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Former ESRB Rater Accuses Board Of Interference

Former ESRB rater Jerry Bonner has published a new opinion piece in consumer magazine EGM alleging internal issues at the board - including management-led ratings changes, parity problems, and a culture of secrecy - quotes and a response from the ESRB's P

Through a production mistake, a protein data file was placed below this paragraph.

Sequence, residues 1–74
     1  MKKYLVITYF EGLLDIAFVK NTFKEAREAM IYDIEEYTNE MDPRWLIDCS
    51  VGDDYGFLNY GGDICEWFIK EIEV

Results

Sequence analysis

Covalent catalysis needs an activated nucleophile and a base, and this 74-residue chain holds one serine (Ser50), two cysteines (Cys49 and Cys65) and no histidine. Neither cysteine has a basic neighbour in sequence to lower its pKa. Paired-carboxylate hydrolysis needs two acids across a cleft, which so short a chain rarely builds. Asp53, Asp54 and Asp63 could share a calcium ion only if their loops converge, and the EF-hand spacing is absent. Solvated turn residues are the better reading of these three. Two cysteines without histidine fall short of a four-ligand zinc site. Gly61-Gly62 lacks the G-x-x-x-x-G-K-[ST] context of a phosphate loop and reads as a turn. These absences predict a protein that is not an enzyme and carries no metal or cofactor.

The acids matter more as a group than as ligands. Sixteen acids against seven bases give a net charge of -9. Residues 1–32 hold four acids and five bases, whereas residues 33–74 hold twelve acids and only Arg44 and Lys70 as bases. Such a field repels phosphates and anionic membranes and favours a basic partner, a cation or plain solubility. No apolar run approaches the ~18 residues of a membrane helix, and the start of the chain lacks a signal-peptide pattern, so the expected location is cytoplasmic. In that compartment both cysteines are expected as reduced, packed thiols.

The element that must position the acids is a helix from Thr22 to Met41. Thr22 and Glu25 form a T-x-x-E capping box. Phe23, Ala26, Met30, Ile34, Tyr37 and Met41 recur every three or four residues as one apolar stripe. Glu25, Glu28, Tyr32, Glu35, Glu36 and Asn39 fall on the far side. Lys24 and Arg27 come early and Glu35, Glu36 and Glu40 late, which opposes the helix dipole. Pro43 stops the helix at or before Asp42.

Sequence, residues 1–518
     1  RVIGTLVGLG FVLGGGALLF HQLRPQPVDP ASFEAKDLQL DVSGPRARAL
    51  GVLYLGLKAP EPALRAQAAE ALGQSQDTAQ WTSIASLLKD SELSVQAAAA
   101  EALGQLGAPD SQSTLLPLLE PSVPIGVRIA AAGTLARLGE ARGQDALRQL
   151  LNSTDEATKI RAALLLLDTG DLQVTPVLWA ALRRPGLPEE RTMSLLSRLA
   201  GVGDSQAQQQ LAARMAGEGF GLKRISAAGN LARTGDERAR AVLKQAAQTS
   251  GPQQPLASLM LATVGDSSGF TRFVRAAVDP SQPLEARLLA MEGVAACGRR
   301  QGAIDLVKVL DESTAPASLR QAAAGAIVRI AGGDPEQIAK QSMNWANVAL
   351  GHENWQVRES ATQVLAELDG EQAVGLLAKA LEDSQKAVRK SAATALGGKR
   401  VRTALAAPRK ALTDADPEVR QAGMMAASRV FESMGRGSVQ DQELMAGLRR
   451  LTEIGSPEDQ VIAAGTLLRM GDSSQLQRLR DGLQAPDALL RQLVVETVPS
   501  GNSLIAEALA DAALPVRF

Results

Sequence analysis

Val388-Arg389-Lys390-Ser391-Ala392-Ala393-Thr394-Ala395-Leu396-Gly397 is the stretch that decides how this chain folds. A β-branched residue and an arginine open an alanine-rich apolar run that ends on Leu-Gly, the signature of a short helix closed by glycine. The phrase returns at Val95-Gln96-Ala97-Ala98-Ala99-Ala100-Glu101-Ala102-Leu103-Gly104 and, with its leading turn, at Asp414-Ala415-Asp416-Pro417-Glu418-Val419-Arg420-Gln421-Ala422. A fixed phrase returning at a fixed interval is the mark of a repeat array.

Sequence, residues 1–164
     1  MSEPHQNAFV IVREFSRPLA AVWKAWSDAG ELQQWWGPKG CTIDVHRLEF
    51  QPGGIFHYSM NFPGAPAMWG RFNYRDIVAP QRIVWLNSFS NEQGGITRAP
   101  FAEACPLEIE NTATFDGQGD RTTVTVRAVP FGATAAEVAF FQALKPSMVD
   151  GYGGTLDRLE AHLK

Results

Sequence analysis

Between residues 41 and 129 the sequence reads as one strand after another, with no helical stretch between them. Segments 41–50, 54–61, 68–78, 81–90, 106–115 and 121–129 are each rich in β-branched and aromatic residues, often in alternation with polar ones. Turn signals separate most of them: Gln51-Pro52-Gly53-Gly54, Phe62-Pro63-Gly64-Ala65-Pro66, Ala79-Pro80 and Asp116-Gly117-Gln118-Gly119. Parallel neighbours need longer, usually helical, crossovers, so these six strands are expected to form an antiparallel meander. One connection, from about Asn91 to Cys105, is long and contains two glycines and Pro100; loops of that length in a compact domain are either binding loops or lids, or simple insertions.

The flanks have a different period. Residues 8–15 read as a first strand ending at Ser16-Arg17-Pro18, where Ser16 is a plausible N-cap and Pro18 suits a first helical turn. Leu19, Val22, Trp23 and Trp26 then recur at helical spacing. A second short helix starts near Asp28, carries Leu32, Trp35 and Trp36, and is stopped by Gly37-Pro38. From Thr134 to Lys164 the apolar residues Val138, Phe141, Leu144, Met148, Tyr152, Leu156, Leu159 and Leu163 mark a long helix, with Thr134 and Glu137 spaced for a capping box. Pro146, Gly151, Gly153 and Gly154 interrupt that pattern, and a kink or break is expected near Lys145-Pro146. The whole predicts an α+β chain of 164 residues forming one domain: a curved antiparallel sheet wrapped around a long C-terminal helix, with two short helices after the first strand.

Former ESRB rater Jerry Bonner has published a new opinion piece in consumer magazine EGM alleging internal issues at the board including management-led ratings changes, parity problems, and a culture of secrecy. In an article in the latest issue of Ziff Davis' EGM magazine, Bonner expressed a litany of perceived issues, from his perspective, on his 6-month stay as an anonymous game rater at the Entertainment Software Ratings Board. The ESRB is an industry-funded independent ratings organization, much like the MPAA for the film industry. In particular, Bonner noted: "It was my understanding when I was hired that I would actually be rating games. Unfortunately that wasn't the case in some instances." He continued, "The raters were viewed as more of an electoral college, and our ratings were not always the final ones issued. Sometimes, we'd see a full letter rating change (a game we gave an M would be lowered to a T, for example, or a T raised to an M)." Elaborating on the changes, Bonner said, "Other times it would be a simple content-descriptor change (we would give a game the "mild cartoon violence" descriptor and it would be changed to "comic mischief"). To be fair, if/when our ratings were altered, it was usually just a simple content-descriptor change. But when this would happen, we were rarely given a sufficient explanation as to why the rating was tweaked." GamePolitics has further extracts from the interview, in which Bonner discusses the fact that game raters do not actually play the games, merely watch submitted video, suggesting that staffing-up to have all games be played through would be a better route for the ESRB to go. He also claims that sequels are frequently assigned the same or similar ratings as their predecessors with minimal review. In addition, Bonner claims there is a destructive culture of secrecy at the ESRB: "I used to tell a joke while working at the ESRB that their acronym should be changed to CIA… Realistically, there is nothing to hide at the ESRB. Everything was above board as far as I could tell… But by acting in a secretive, mysterious way, the ESRB creates an appearance of impropriety." The comments drew a strong response from ESRB president Patricia Vance in the same EGM interview. In the brief riposte, she calls Bonner's tenure with the board "unique and limited," and says the article contains "numerous misleading statements, factual inaccuracies, and misrepresentations." In particular, responding to the allegations of ratings being changed, she notes: "We highly value our raters' recommendations, and their opinions are always the principal determining factor when assigning a rating. But they cannot be the sole criteria on which a rating is based. To avoid confusing parents, consistency in how age ratings or content descriptors are assigned for similar content must be part of the process." Vance added: "In a rare case when an adjustment is made to a particular recommendation from our raters, it is done only when it is obvious that [one of] their findings contradicts previous ratings for similar content, does not reflect cultural norms that have been established through publc-opinion research, or would cause consumers to question the reliability of [our] ratings information." She concludes, as part of the article available in the April 2008 issue of EGM magazine: "At the end of the day, ESRB stands behind each rating it assigns, and the process by which it assigns those ratings."

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